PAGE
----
Being a dental technichian at that time, i used hand held electric motor like the dremel type engine, but weaker. 2. 35mm shaft mandrel, at a diamond disk from Horico, i do believe it was a Horico SH 394 c 190. Diameter 19mm, thickness 0.19 mm. It was a sintered diamond anyway and i think its important because not sintered diamond discs just worn out at this application . It is my experiance that one or at most two of these sintered diamonds cutted thru 8 meters of laminated glass, there was no worn, but the disk was kind of brittle, unbeliveable performance, check Horico live support, if they have some, for the right type.
I used cooling water in the tub, this is low tech, no cracks before finished, but later. did not chamfer edges because i didnt know, crack could have been caused by me gluening glass instead of og rubber .
My edge cutting disk made a straight cut but, a very major problem for me was the centric plastic sheet, that acted very strange, even thou i cut thru it it acts like glued together again, makes me forced to cut the glass from both sides, and then cut the plastic shet with thin blade.
Another cooling agent solving that problem, somebody?
Svenne

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  #38 (permalink)  
Old 02-24-2012, 06:34 PM
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I'm an international star! Lol Ok maybe not.
Svenne, that center sheet is doing its job as safety laminate. Possibly the heat melted it back together. I've heard of two ways to fix this, either cut it with a razor, or my personal favorite, pour lighter fluid on it and light it(carefully). It will flash flame, and melt it, without getting it hot enough to crack the glass.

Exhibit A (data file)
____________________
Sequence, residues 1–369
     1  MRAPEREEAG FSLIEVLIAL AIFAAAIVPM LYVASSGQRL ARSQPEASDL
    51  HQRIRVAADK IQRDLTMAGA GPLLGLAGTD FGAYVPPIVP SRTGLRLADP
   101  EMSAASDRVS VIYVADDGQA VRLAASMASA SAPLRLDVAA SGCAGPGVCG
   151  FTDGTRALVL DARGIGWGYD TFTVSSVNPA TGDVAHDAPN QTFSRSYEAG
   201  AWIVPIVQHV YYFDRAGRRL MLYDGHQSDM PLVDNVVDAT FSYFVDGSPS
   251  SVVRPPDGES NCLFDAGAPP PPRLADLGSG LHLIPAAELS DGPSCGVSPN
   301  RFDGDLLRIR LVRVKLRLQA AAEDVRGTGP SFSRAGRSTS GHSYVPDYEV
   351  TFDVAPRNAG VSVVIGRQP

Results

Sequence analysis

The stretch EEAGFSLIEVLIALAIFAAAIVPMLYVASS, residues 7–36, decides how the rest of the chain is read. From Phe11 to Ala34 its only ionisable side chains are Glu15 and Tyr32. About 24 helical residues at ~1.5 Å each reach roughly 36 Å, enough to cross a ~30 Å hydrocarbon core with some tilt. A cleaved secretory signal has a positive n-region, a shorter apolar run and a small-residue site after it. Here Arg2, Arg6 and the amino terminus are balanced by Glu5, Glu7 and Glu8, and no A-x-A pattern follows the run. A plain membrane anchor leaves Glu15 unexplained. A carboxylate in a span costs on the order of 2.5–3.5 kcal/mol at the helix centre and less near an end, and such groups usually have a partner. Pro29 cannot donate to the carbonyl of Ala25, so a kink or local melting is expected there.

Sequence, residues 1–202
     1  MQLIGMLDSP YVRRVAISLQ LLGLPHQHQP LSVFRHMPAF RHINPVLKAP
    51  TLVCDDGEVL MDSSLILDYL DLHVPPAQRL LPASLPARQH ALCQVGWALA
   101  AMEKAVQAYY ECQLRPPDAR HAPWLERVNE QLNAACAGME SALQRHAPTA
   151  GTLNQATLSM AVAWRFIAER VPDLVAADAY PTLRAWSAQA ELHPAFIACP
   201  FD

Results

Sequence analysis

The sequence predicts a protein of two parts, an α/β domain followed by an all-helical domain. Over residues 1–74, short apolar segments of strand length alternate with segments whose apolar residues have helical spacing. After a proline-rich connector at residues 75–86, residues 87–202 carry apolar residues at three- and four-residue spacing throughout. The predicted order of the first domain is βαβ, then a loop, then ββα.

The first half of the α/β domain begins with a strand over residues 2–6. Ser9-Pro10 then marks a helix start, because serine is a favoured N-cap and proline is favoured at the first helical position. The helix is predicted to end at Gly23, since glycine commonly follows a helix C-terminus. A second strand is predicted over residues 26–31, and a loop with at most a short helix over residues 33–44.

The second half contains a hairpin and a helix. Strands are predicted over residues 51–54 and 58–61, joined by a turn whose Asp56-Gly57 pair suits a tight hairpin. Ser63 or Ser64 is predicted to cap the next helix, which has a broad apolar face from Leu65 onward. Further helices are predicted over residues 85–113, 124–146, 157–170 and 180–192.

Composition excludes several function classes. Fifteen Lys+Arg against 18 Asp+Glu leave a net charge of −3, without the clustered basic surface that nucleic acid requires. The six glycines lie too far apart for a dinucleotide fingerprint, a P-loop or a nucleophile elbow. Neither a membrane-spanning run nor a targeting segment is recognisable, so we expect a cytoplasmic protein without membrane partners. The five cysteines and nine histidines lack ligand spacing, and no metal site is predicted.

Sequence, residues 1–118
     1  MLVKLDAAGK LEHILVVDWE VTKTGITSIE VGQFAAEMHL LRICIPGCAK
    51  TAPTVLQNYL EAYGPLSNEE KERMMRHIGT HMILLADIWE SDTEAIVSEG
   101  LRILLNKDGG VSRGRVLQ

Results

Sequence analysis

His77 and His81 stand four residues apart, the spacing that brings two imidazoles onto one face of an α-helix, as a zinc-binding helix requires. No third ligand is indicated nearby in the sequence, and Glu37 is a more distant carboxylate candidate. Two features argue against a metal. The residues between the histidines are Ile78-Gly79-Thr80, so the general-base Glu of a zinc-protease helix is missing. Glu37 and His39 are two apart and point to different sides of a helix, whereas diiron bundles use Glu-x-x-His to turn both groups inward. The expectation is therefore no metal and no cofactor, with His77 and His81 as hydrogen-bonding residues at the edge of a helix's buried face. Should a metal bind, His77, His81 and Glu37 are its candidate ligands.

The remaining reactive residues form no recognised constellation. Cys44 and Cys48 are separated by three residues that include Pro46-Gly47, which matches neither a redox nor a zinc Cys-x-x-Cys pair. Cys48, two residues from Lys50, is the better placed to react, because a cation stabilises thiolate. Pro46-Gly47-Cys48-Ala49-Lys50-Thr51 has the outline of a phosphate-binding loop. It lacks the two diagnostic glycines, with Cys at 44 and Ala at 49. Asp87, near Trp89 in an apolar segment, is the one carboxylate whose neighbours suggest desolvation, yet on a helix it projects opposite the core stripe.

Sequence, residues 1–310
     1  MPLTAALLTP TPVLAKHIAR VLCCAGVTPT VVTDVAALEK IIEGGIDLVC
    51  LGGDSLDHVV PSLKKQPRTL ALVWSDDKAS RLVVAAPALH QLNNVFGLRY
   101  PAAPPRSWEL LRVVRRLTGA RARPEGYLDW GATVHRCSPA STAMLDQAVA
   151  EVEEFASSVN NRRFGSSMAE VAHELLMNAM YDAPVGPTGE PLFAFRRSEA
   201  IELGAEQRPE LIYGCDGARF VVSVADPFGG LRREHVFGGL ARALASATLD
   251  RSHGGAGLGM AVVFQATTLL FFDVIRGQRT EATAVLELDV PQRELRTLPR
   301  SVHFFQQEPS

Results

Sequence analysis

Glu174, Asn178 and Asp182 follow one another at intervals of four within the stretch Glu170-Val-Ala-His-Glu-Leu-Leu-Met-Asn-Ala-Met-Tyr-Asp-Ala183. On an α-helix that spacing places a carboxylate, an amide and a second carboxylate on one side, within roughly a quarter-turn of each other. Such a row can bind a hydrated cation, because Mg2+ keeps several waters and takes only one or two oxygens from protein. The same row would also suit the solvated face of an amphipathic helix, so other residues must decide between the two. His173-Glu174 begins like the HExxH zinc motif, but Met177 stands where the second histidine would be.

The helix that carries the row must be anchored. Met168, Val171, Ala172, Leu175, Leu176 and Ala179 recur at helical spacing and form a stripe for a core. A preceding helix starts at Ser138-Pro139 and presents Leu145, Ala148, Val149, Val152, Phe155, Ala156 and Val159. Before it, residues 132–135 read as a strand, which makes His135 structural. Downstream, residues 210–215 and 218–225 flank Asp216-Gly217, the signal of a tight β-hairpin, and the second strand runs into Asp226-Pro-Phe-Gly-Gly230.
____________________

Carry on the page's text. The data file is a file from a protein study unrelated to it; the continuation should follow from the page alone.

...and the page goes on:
Zak
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  #39 (permalink)  
Old 02-25-2012, 05:24 PM
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Eat your heart out expensive water jets!

Sorry if any of you own a waterjet!
Well, I did what I set out to do, I cut off about 8 inches of glass on a practice windshield! Here's the scoop.
First, I laid out the tools and secured the power cord up off the ground (saftey first!). Then I secured the hose to the windshield with a small rubber tipped clamp. I had a problem with it sliding around with the vibrations from the rotozip last time. Then I taped off a fake pattern on the edge, about 8 inches from the edge. As I stated on one of the last posts, I taped off the "Real" edge (where it will actually end up). Then I taped off about 1/2 inch farther out. I learned from this experiment that trying to sand through 1/2 of glass is WAY too much, so probably tape off only 1/8 - 1/4 inch. The extra space is now 3-fold. It gives you a little wiggle room if it makes a big chip or something, it lets you get rid of the bevel from the cut, and it lets you "fit the glass". By Fit the glass I mean not every chop is perfectly even or symmetrical, so it gives you room to hold the windshield up to the frame and see your progress. You can sand down to shape.